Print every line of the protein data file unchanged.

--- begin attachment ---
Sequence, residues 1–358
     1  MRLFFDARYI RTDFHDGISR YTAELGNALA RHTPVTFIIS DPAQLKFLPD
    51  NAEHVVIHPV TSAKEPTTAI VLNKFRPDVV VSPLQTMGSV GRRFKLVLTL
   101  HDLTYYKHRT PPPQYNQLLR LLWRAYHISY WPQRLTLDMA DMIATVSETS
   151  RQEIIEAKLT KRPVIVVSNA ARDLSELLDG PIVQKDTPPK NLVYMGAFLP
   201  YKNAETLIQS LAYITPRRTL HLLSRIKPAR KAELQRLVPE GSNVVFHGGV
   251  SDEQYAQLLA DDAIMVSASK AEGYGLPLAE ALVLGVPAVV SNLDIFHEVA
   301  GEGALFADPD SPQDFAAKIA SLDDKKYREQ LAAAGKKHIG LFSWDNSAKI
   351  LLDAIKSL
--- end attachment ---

Sequence, residues 1–358
     1  MRLFFDARYI RTDFHDGISR YTAELGNALA RHTPVTFIIS DPAQLKFLPD
    51  NAEHVVIHPV TSAKEPTTAI VLNKFRPDVV VSPLQTMGSV GRRFKLVLTL
   101  HDLTYYKHRT PPPQYNQLLR LLWRAYHISY WPQRLTLDMA DMIATVSETS
   151  RQEIIEAKLT KRPVIVVSNA ARDLSELLDG PIVQKDTPPK NLVYMGAFLP
   201  YKNAETLIQS LAYITPRRTL HLLSRIKPAR KAELQRLVPE GSNVVFHGGV
   251  SDEQYAQLLA DDAIMVSASK AEGYGLPLAE ALVLGVPAVV SNLDIFHEVA
   301  GEGALFADPD SPQDFAAKIA SLDDKKYREQ LAAAGKKHIG LFSWDNSAKI
   351  LLDAIKSL